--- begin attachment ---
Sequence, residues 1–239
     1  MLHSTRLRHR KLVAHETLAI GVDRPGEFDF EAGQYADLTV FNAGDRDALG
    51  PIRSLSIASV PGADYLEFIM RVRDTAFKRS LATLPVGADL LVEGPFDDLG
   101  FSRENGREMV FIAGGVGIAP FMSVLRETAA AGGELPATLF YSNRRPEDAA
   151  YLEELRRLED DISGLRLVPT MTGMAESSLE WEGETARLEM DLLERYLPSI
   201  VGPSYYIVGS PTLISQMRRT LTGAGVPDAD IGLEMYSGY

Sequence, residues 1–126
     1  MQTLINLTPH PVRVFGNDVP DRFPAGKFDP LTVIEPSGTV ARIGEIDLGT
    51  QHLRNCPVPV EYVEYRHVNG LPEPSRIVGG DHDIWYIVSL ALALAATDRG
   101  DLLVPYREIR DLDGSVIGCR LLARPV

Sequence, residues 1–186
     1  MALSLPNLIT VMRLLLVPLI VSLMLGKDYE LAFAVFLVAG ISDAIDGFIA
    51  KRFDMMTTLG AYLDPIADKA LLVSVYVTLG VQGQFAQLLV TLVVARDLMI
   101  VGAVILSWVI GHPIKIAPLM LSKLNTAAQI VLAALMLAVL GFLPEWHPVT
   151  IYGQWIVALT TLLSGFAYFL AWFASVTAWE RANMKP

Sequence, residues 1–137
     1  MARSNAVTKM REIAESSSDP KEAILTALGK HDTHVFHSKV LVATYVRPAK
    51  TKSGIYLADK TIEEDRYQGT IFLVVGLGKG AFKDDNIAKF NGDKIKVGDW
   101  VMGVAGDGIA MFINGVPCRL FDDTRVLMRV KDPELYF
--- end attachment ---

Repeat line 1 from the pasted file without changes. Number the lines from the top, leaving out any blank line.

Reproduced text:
Sequence, residues 1–239